Afghanistan through the eyes of Michael Scheuer


Many Western observers “have ignored the very real accomplishments and popular acceptance of the Taliban government in Afghanistan,” then-CIA analyst Michael Scheuer wrote anonymously in 2002. His previously-analyzed book, Through Our Enemies’ Eyes: Osama bin Laden, Radical Islam, and the Future of America, contains sobering analysis, which foresaw the failure of American-led nation-building efforts in Afghanistan 20 years later.

Scheuer had focused on Afghanistan while tracking Al Qaeda leader Osama bin Laden as head of the CIA’s Bin Laden Unit in the years before and after September 11, 2001. Although since his 2004 retirement from the CIA he has exposed himself as an anti-Israel, conspiracy-mongering crank, his 2002 writings about attempts to liberalize  Afghanistan were highly thought-provoking. Already at the time he had criticized that the “Afghan war, then, is an opportunity for social work of international scope, not an opportunity to destroy al Qaeda.”

Afghanistan’s recent history of the mujahedeen defeating Soviet occupation in the decade 1979-1989 demonstrated for Scheuer the foolhardiness of any Afghan Islamic democracy project. “In fact, it is vital to recall that, next to the Soviets, the biggest losers in Afghanistan were the Muslim world’s Western-minded scholars, politicians, and intellectuals,” he wrote. He explained:

The Afghan jihad confronted the theoreticians of democratic Islam with a hard reality. The Red Army was not defeated by a democratic revolution, but by an Islamist revolution grounded, guided, and steeled by God’s words as found in the Koran and explained by the Prophet. Driven by their faith, the mujahedin used bullets, not votes, to win one for Allah.

Quoting Harvard University political scientist Tarek Masoud, Scheuer noted a “basic political fact” about democracy in Islam’s Arabic heartland. Masoud had observed that

there exists no grassroots movement for democracy in the Arab world, largely because democracy does not resonate with the average Arab. It has no basis the Arab past and is tainted by its association with the West.

Scheuer cautioned Americans who celebrated the quick American-led overthrow of Afghanistan’s Taliban rulers following 9/11. Many of these Westerners “have taken their lead from Mrs. Jay Leno and the Hollywood wives and equated the fall of Kabul with the liberation of Dachau.” But he noted how the Taliban’s sharia supremacy had found favor among many Afghans, for now the “murder, bribery, kidnapping, and extortion that the Taliban had all but eliminated have again become commonplace.” “Although reviled by the West as violent medieval madmen, the Taliban teamed its imposition of strict Islamic law with a slow process of rebuilding and modernizing Afghanistan’s war-ravaged infrastructure,” he added.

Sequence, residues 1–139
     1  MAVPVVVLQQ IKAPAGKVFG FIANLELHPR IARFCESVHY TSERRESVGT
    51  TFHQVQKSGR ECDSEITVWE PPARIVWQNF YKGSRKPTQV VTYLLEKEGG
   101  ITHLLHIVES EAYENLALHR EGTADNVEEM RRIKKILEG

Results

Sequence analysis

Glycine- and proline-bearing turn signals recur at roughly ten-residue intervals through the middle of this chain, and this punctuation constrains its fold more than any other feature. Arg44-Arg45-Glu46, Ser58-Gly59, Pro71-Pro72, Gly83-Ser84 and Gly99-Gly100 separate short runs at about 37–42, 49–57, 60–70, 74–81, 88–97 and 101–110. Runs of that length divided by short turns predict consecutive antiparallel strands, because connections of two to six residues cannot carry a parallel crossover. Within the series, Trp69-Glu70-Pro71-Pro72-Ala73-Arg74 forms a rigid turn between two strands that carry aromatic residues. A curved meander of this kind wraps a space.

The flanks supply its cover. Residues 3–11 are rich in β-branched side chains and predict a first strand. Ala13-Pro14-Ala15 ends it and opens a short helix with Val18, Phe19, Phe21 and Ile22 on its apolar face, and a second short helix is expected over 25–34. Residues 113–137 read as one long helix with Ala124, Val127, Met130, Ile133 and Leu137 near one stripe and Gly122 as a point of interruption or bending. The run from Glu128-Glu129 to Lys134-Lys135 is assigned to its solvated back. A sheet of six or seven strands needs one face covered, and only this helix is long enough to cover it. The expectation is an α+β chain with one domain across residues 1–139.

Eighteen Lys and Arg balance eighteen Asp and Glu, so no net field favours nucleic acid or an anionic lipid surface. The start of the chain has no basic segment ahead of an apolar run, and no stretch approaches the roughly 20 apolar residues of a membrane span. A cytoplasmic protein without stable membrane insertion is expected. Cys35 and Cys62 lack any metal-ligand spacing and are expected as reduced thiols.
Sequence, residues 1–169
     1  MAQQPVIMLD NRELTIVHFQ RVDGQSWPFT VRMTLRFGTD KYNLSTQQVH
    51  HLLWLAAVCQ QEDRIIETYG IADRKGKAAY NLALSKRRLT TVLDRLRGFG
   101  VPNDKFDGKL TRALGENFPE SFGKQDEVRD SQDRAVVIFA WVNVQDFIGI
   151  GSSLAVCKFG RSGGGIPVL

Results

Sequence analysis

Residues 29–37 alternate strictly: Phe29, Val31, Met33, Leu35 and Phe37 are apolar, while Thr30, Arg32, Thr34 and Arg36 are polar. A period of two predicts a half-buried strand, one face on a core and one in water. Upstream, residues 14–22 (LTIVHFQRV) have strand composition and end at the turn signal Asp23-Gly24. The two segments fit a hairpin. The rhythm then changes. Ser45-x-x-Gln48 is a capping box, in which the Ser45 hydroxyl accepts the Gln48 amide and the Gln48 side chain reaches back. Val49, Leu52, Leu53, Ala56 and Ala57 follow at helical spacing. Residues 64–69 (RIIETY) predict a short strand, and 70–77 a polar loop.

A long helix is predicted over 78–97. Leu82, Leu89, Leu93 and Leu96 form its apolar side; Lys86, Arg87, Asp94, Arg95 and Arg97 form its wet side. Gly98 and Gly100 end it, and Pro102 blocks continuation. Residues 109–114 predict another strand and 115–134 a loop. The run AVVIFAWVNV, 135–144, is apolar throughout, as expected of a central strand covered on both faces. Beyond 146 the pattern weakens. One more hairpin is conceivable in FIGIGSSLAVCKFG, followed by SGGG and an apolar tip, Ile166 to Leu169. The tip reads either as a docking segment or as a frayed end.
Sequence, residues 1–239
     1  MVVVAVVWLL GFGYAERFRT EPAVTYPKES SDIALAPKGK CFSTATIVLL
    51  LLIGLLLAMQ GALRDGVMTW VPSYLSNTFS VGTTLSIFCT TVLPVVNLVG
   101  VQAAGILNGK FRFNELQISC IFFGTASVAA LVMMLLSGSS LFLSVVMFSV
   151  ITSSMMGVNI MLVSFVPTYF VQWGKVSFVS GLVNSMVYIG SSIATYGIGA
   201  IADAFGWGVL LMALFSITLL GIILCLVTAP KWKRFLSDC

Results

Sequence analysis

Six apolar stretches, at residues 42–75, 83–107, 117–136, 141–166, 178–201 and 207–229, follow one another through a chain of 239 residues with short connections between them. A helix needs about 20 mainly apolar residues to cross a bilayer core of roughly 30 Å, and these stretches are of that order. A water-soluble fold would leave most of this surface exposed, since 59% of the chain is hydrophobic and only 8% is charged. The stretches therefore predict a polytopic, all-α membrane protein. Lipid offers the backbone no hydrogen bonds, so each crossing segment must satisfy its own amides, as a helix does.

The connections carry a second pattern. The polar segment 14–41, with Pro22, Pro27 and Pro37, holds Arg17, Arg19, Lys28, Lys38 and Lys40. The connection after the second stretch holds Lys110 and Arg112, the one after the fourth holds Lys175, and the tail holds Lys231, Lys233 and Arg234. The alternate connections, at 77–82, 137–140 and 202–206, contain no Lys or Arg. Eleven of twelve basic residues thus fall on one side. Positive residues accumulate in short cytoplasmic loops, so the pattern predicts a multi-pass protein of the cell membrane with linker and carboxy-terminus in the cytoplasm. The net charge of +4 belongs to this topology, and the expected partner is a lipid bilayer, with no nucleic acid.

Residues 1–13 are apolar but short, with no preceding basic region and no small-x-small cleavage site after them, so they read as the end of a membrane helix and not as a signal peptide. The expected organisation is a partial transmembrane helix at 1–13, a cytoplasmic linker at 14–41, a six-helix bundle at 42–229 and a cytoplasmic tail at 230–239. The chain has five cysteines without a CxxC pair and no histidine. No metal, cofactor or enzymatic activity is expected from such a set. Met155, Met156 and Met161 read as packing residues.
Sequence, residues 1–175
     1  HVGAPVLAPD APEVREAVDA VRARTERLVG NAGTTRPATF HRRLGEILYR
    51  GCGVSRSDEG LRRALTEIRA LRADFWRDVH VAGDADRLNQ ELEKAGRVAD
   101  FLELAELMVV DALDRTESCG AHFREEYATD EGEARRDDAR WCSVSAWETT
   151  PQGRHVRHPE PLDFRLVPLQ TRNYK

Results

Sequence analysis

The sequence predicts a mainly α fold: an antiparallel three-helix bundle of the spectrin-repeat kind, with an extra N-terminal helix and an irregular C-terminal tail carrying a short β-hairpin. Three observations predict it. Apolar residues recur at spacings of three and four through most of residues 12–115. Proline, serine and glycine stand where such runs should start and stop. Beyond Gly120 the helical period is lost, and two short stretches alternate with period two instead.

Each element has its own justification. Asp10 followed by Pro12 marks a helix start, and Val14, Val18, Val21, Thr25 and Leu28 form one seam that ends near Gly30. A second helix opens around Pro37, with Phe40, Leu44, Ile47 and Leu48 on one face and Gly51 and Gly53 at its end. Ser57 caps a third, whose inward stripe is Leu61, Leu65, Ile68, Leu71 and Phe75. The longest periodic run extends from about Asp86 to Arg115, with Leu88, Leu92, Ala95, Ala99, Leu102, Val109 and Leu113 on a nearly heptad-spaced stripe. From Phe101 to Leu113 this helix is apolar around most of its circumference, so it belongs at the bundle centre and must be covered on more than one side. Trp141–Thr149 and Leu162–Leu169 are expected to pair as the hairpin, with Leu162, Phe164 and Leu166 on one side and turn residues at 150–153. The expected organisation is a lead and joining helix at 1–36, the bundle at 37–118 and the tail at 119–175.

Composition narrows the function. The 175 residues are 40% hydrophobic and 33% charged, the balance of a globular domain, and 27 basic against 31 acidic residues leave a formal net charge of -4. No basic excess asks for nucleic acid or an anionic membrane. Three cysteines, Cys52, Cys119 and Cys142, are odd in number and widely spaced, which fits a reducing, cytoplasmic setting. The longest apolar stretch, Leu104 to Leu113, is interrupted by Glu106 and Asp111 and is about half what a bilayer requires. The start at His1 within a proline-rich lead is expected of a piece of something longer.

“Neither should too much be made of what many in the West have described as the Taliban’s complete military and political collapse,” Scheuer warned.  “The Taliban—and al Qaeda for that matter—has done what all of history’s successful insurgent organizations have done to survive; they have abandoned the cities,” he noted:

With that loss, however, the Taliban also has been freed of the duty to feed, protect, and provide social, health, and administrative services to the urban populace. Having originated in the mid-1990s as a rural-based insurgency, the Taliban has been returned to its proper state of nature.

Skepticism also marked Scheuer’s outlook on Afghan opposition towards the Taliban, upon which America and its NATO allies had placed so much hope for leading a new Afghanistan. “The Taliban’s major armed opposition in Afghanistan, the Northern Alliance was led by Masood and is primarily made up of ethnic Tajiks,” Scheuer noted. Ahmad Shah Masood, Scheuer explained, was an “ethnic Tajik and the most famous commander of the Afghan jihad,” whom Al Qaeda killed in a suicide bomb attack two days before 9/11.